"Eleanor Roosevelt" monument was unveiled by former First
Lady Hillary Rodham Clinton in Manhattan's Riverside Park (New York,
NY) in October of 1996. Since its dedication, the sculpture has
become a focal point for neighbors and visitors alike.
Sculptor Penelope Jencks was chosen out of over 400 applicants to
sculpt the larger than lifesize piece, which was sponsored in part
by the Eleanor Roosevelt Monument Fund and the City of New York.
Penelope began her work on the piece in 1992, studying hundreds
of photographs of Eleanor Roosevelt. She chose a contemplative pose
for the sculpture, to suggest the complicated inner life of Eleanor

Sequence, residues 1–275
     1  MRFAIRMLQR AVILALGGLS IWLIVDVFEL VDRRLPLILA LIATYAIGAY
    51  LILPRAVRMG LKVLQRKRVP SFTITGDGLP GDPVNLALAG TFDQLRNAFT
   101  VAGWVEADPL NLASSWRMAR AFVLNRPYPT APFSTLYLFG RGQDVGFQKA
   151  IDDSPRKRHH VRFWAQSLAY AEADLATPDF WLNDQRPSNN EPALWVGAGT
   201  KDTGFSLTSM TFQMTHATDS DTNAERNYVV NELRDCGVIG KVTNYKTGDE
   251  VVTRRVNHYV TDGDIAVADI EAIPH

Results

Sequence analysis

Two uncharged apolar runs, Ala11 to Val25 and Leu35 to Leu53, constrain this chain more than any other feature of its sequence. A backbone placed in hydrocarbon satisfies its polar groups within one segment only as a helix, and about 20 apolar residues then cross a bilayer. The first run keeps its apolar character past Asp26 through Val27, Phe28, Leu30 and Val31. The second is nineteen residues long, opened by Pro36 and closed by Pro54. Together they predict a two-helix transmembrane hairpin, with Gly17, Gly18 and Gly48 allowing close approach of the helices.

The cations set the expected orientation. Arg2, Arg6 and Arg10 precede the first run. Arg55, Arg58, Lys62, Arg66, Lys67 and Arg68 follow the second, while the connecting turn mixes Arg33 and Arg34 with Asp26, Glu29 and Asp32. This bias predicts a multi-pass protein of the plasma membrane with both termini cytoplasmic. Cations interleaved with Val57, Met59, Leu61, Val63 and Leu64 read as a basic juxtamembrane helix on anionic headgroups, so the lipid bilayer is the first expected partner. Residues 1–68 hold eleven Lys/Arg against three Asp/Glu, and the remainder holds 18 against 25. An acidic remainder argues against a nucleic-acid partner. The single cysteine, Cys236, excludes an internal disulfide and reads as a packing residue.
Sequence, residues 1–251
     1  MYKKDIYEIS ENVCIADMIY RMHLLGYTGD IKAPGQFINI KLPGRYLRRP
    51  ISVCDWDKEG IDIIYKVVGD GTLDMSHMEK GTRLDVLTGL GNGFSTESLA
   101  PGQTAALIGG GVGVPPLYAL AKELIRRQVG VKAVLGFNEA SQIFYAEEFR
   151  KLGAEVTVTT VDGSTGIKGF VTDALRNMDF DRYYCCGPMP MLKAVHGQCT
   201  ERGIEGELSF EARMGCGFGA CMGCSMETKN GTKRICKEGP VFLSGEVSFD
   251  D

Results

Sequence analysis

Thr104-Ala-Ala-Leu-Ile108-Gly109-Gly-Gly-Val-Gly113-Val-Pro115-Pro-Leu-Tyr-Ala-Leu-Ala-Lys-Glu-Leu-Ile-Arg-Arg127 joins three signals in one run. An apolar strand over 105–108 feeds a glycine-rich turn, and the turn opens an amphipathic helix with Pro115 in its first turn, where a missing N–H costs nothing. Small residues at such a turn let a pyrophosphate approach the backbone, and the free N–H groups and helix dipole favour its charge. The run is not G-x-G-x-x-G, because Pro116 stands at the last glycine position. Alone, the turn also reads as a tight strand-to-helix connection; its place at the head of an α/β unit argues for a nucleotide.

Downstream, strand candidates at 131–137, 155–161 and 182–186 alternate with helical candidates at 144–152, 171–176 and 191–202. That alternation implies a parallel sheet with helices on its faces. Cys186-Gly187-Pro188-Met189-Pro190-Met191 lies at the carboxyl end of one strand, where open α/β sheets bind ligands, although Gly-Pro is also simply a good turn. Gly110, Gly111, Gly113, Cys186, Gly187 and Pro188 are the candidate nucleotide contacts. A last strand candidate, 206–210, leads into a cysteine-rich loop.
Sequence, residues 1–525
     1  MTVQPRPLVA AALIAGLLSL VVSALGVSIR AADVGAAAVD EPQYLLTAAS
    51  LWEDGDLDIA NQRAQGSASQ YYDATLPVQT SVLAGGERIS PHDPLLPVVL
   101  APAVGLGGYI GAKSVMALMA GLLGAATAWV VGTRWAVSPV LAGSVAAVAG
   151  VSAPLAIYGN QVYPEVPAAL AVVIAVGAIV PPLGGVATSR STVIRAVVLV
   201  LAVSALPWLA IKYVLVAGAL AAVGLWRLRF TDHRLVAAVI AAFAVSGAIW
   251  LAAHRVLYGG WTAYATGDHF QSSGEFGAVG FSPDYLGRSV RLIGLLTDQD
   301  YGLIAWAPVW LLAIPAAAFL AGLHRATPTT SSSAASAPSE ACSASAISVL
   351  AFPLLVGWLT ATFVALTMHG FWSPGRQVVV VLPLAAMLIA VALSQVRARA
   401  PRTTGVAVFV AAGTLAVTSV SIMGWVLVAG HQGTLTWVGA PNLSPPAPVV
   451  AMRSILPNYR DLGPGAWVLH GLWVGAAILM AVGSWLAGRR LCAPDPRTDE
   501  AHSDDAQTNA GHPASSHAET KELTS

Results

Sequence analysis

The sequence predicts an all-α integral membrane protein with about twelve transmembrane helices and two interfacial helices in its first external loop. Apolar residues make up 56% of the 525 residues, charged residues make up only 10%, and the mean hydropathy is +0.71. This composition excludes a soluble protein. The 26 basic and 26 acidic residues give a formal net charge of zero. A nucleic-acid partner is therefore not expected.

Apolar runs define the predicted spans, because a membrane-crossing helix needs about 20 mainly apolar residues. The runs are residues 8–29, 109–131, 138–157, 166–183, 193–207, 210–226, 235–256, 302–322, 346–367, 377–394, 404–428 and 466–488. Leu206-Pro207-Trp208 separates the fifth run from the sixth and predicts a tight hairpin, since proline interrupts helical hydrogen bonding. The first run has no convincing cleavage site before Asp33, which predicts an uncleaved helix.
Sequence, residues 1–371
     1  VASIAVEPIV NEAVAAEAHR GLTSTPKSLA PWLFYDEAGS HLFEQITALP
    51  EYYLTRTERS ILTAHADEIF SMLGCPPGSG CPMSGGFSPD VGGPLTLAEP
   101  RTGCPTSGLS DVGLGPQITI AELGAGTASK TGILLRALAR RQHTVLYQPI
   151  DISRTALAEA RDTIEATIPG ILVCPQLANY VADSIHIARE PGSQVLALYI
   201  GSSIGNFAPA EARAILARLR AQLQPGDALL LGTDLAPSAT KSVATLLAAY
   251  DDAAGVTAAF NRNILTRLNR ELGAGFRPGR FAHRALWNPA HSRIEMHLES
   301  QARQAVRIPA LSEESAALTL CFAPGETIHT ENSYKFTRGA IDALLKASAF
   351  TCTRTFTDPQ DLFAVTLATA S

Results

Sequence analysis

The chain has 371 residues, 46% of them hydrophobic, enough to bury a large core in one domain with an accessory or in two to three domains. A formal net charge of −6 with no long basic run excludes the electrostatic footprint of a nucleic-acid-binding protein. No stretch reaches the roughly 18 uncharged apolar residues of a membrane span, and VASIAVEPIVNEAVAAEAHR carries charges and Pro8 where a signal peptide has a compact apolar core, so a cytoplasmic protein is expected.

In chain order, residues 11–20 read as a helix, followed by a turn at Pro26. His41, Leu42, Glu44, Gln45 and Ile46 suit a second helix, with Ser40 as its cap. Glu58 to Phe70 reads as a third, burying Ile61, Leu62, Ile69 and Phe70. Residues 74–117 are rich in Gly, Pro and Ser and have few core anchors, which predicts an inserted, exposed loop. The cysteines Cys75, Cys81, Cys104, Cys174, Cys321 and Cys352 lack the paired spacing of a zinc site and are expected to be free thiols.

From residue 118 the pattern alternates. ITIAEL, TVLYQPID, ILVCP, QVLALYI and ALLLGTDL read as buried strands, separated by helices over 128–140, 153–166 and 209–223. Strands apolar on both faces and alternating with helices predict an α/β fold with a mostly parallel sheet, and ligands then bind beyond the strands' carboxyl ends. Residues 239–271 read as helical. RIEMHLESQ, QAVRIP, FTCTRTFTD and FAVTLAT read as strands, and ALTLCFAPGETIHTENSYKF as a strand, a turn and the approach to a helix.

Roosevelt. Her sculpture also captures Mrs. Roosevelt's dignity,
simple humanity, and thoughtfulness. The sculpture's face expresses
wisdom and compassion as it looks off into the distance.
Penelope Jencks grew up in a household where Eleanor Roosevelt was
revered and quoted often. Thus, Penelope has said that while she
worked on this project, she felt a much stronger sense of identification
with Eleanor Roosevelt than she had with any other of her previous
subjects. This strong feeling, so apparent in the brooding, pensive
presence of the sculpture, is reinforced by the intimate physical
relation which the viewer receives by having the sculpture set on
the ground, almost directly in front of the observer.
On the sidewalk in front of the monumental sculpture is a stone
engraved with a quote from Eleanor Roosevelt: "Where, after
all, do universal human rights begin? In small places, close to
home. Such are the places where every man, woman and child seeks
equal justice, equal opportunity, equal dignity." - Eleanor